As the pair connected with the land, establishing their heirloom vegetable garden and learning to grow nearly everything they ate, they realized they had also planted the seeds of self-discovery.
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Notes from Zone 6b – growing glasswort and sorghum in a Brooklyn basement
March 22nd, 2011
02:15 PM ET
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Eatocracy's Managing Editor Kat Kinsman attempts to vegetable garden on a roof deck in Brooklyn, NY in USDA Hardiness Zone 6b. Feel free to taunt, advise or encourage her efforts as this series progresses.

I'm growing glasswort in my basement. Okay, technically, I am trying to germinate glasswort in my basement.

It's a dumb thing to do, but that doesn't seem to be stopping me. The stuff (also known as "sea beans" and "saltwort") pops up unbidden along saline-rich seacoasts and salt marshes and last I checked, my basement was host to neither. Or at least not since the Great Basement Flood of '10, and that was mostly sewer overflow. Yet, that's where I'm attempting to germinate a handful of seeds under grow lights in anticipation of warmer temperatures.

It would be a weird little victory, but I want it. In the face of chaos, both global and close to home, I garden. Hands in the dirt, grime under under the nails, food in the mouth. It's the natural order of things, it happens with or without my assistance, and occasionally asserting my place in the chain has brought me comfort.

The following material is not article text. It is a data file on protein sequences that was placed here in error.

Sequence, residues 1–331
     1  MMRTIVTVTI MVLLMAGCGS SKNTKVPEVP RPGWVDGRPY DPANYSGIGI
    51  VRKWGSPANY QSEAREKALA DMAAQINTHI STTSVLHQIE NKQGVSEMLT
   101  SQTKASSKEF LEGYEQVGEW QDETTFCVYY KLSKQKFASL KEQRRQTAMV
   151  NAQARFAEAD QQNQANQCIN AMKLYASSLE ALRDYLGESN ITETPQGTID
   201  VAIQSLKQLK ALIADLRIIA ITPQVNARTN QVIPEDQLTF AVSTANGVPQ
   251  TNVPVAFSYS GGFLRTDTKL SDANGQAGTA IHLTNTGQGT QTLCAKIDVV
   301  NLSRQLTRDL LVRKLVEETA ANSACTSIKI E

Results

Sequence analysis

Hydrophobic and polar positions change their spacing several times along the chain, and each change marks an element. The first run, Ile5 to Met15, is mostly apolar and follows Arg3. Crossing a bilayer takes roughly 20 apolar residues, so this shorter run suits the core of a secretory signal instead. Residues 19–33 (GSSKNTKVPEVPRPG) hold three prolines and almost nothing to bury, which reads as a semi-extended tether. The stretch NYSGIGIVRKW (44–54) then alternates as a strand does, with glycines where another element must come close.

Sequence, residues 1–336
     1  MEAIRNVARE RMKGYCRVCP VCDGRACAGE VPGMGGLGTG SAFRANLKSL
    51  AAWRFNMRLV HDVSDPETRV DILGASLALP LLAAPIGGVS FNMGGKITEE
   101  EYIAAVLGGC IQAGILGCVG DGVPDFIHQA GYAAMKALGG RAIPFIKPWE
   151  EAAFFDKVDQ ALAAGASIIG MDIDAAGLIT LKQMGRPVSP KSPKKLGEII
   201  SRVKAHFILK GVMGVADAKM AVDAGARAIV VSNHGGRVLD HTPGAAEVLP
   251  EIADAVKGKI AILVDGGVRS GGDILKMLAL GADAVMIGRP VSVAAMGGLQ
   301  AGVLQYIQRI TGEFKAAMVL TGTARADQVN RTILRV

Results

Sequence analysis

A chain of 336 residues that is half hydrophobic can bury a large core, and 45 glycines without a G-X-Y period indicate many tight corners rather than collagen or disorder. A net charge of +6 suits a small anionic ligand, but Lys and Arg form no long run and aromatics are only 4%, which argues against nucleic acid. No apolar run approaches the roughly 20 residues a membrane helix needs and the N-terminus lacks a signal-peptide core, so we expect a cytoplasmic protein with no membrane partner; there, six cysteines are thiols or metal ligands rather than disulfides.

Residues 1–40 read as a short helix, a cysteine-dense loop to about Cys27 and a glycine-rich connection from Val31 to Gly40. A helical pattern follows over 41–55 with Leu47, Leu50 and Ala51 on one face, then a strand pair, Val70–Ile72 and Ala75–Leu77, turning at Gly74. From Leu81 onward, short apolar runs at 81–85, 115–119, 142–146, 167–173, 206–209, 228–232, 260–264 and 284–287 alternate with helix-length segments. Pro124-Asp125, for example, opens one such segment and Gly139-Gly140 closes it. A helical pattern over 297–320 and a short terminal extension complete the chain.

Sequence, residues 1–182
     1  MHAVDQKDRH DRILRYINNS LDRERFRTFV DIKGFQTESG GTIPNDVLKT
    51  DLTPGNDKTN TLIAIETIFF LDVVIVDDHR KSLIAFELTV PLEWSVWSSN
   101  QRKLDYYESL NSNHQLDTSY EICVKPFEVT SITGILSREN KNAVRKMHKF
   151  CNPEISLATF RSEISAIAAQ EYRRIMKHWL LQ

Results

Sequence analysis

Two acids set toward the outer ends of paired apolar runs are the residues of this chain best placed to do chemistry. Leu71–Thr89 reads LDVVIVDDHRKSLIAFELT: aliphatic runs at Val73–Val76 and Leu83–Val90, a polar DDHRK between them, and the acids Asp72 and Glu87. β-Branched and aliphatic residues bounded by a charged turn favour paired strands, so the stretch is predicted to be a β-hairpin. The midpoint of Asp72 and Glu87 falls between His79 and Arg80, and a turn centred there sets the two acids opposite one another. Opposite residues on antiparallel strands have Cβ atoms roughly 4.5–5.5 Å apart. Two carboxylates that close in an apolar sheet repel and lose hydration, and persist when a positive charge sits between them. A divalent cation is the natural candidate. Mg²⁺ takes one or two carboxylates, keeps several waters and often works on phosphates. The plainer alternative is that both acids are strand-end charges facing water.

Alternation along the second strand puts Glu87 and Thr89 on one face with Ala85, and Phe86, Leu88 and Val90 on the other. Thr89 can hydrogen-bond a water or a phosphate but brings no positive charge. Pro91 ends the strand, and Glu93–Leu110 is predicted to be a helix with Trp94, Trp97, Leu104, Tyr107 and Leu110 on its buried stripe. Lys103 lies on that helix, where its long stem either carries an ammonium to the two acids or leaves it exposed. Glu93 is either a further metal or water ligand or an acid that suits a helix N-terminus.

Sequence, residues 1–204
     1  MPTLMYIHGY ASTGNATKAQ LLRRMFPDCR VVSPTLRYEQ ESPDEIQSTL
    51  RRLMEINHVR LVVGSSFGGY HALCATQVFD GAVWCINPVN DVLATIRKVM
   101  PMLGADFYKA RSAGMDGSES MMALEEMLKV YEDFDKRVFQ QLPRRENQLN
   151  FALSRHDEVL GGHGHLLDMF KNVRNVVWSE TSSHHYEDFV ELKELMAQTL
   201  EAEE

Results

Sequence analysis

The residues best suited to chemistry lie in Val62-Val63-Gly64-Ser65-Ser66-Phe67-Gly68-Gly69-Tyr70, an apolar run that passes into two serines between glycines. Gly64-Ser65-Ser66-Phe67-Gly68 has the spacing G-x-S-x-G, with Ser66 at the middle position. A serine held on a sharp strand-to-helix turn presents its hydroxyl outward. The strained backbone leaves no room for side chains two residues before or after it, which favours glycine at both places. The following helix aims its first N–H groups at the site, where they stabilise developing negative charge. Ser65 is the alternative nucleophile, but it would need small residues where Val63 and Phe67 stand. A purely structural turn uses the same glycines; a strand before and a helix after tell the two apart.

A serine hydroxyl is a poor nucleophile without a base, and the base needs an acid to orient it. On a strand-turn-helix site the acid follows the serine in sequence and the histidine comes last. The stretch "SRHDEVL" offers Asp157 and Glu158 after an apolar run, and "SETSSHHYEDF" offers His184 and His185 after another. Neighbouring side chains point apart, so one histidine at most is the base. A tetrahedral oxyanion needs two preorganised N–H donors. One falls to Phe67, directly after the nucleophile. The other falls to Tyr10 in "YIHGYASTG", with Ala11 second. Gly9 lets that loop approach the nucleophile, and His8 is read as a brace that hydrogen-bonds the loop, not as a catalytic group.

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5@5 - Chef Sean Brock
August 26th, 2010
05:00 PM ET
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5@5 is a daily, food-related list from chefs, writers, political pundits, musicians, actors, and all manner of opinionated people from around the globe.

We interrupt our regularly scheduled Eggtocracy coverage to take a look at the greener side of life.

Sean Brock is the executive chef of the historic McCrady's Restaurant in Charleston, South Carolina, where his modern farm-to-table cuisine most recently earned him the 2010 James Beard "Best Chef Southeast" award.

As a passionate champion for replenishing those varieties of crops at risk of dying out, Brock currently tends to one and one-half acres on Thornhill Farm in McClellanville, South Carolina, where he plants and grows a number of heirloom crops. As we explained earlier, "Heirloom seeds come from plants that have remained genetically unchanged and have been open-pollinated (by insects, birds, wind, etc.) for at least 50 - or some say 100 - years. This means no hybridizing with other varieties of plants."

He's on a mission to bring vanishing vegetables back to the table, and here to tell you why.

Five Reasons to Use Heirloom Ingredients: Sean Brock
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Filed under: 5@5 • Bite • Gardening • Heirloom • Ingredients • Sean Brock • Southern • Think


Heirloom tomatoes explained
August 16th, 2010
06:00 PM ET
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Food writers - myself definitely included - are frequently guilty of being so far inside our precious little world of edibles that we can't see the arugula for the amaranth. This hit home last weekend as I was trawling my local farmers market, found a stand selling heirloom tomatoes for $2.99 a pound and started fist pumping like I'd hit the Powerball.

It's not too much of a stretch to say that it's been nearly two years since I had a really smashing tomato. Last year, my own garden succumbed to the blight that wiped out major portions of the Northeast's heirloom tomato crop, and the few available for purchase were priced to gouge. This isn't to say I have led a tomato-free existence since 2008. It's just that, as I noted to a nearby shopper, once you eat a Wapsipinicon Peach, a Black from Tula or a Cherokee Purple, there ain't no going back to the grocery store.